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State v. Taylor

Court of Appeals of Oregon

August 22, 2018

STATE OF OREGON, Plaintiff-Respondent,
v.
GEORGIO WILLIAM TAYLOR, Defendant-Appellant.

          Submitted September 29, 2017

          Benton County Circuit Court 15CR34784; Matthew J. Donohue, Judge.

          Ernest G. Lannet, Chief Defender, Criminal Appellate Section, and Mary M. Reese, Deputy Public Defender, Offce of the Public Defense Services, fled the brief for appellant.

          Ellen F. Rosenblum, Attorney General, Benjamin Gutman, Solicitor General, and Jacob Brown, Assistant Attorney General, fled the brief for respondent.

          Before Armstrong, Presiding Judge, and Tookey, Judge, and Shorr, Judge.

         Case Summary: Defendant appeals a judgment of conviction for, among other offenses, three counts of coercion (Counts 1 to 3), ORS 163.275, and one count of felony assault in the fourth-degree (Count 5), ORS 163.160(3). The trial court, when calculating defendant's criminal history score on Count 5, concluded that the "shift-to-I" rule did not apply because Counts 1 to 3 and Count 5 were part of separate criminal episodes. On appeal, defendant assigns error to the trial court's conclusion that the "shift-to-I" rule did not apply. Held: The Court of Appeals held that the record in this case did not support the trial court's conclusion that Counts 1 to 3 were separate from Count 5 for purposes of applying the "shift-to-I" rule.

         Remanded for resentencing; otherwise affirmed.

          [293 Or.App. 461] TOOKEY, J.

         Defendant appeals a judgment of conviction for, among other offenses, three counts of coercion (Counts 1 to 3), ORS 163.275, and one count of felony assault in the fourth-degree constituting domestic violence (Count 5), ORS 163.160(3). The trial court sentenced defendant to 36 months' imprisonment on each of Counts 1 to 3 under 7-A on the sentencing guidelines grid block to be served concurrently, and 30 months' imprisonment on Count 5 under 6-A on the sentencing guidelines grid block to be served consecutively to Counts 1 to 3. On appeal, defendant assigns error to the trial court's calculation of his criminal history score on Count 5. Defendant contends that the trial court "erred when it found that Count 5 arose in a separate criminal episode and refused to apply the 'shift-to-I' rule when imposing a consecutive sentence on Count 5."[1] For the reasons that follow, we conclude that the record does not support the trial court's conclusion that Counts 1 to 3 were separate from Count 5 for purposes of applying the "shift-to-I" rule. We therefore remand for resentencing and otherwise affirm.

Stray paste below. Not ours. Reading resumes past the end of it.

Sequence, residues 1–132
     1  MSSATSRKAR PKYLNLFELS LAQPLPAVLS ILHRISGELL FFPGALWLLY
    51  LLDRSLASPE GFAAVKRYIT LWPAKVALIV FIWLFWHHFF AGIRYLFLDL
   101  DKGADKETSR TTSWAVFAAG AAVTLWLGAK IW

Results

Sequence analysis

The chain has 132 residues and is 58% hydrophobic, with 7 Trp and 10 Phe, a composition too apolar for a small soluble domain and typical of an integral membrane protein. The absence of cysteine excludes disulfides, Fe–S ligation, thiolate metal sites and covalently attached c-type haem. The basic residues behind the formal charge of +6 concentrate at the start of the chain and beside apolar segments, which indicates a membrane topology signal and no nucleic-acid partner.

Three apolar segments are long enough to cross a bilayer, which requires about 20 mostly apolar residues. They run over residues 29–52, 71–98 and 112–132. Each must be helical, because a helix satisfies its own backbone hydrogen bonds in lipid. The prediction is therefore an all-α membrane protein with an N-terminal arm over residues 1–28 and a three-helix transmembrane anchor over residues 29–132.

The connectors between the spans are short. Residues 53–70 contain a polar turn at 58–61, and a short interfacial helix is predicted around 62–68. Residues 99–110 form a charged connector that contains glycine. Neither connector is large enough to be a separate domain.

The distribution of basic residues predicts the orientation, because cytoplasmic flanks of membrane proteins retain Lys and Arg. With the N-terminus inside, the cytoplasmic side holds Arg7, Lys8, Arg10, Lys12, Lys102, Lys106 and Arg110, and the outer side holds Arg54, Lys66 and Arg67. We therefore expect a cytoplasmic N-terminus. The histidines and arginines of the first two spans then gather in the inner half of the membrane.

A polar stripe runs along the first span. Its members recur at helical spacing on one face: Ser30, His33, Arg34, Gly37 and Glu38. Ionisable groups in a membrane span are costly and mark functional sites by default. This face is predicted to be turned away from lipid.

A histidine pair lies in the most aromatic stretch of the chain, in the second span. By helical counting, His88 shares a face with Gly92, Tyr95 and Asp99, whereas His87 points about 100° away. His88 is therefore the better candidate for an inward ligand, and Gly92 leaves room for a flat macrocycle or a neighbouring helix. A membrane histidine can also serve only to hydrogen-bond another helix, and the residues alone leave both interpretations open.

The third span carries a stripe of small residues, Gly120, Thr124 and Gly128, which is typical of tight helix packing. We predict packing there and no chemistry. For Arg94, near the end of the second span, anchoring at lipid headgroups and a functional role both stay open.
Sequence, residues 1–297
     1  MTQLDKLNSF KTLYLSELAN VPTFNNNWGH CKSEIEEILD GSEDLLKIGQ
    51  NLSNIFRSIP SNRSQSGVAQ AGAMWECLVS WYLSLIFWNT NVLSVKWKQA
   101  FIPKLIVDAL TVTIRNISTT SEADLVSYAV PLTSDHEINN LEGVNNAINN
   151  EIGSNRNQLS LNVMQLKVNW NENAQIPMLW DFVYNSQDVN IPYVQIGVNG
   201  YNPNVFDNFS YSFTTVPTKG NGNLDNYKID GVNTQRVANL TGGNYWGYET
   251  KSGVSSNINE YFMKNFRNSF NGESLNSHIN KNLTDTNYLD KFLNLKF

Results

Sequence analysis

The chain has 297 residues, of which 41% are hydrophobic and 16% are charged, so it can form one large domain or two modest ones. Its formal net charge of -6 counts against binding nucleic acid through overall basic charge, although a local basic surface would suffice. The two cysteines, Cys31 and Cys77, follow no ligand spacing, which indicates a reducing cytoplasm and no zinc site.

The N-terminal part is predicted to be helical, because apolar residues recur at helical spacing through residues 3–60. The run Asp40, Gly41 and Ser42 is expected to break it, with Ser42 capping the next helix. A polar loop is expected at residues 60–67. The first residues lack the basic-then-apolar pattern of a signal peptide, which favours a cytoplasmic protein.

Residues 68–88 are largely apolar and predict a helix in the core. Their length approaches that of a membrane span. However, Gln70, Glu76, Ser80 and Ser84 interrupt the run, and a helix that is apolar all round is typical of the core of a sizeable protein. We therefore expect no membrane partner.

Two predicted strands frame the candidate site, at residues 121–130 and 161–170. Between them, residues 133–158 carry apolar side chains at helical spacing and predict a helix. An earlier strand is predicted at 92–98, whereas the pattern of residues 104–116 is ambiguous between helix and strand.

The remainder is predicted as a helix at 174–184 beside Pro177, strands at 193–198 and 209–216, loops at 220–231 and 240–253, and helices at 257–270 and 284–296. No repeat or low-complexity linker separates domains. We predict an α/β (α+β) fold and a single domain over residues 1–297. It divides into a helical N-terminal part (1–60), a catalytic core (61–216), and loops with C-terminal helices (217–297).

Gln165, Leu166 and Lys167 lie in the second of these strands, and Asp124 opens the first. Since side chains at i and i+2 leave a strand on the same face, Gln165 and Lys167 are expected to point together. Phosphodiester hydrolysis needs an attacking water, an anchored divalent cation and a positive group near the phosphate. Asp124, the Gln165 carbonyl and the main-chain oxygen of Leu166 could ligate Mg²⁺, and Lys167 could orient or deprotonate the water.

"The question of whether events constitute a single criminal episode is a question of law * * *." State v. Burns, 259 Or.App. 410, 420, 314 P.3d 288 (2013), recons den and appeal dismissed, 261 Or.App. 113, 323 P.3d 275 (2014). In this case, the facts are not in dispute. Thus, we "review the court's application of the law to those facts for legal error." Id. at 421.

         At the time that defendant committed the crimes in this case, he was on supervision and had previously been convicted for prior acts of domestic violence against the victim. As a result of that supervision, he was prohibited from having contact with the victim and prohibited from drinking alcohol. Additionally, at the time that he committed the crimes in this case, defendant had active warrants for his arrest.

         [293 Or.App. 462] Notwithstanding the prohibitions on his conduct due to his supervision, on the evening of August 13, 2015, defendant and the victim were drinking together in the victim's apartment. Also present in the apartment was the victim's two or three-month-old infant, H. At some point after 1:00 a.m. on August 14, 2015, defendant fell asleep.

         After defendant fell asleep, the victim went into the bathroom. Shortly thereafter, defendant woke up and went into the bathroom as well. Defendant grabbed the victim with one hand in the throat and jaw area, which cut off her breathing. Defendant then lifted the victim off the toilet by her throat, carried her out of the bathroom to the living room-a distance of 15 to 25 feet-and threw her on a couch. The time between when defendant lifted the victim off the toilet and when he threw her on the couch was approximately 10 to 15 seconds. Defendant then struck the victim while she was on the couch.

         The victim attempted to leave the apartment and got as far as the porch before defendant intercepted her, grabbed her and brought her back into the apartment. Shortly thereafter, H woke up. The victim picked H up, and while she was holding H, ...


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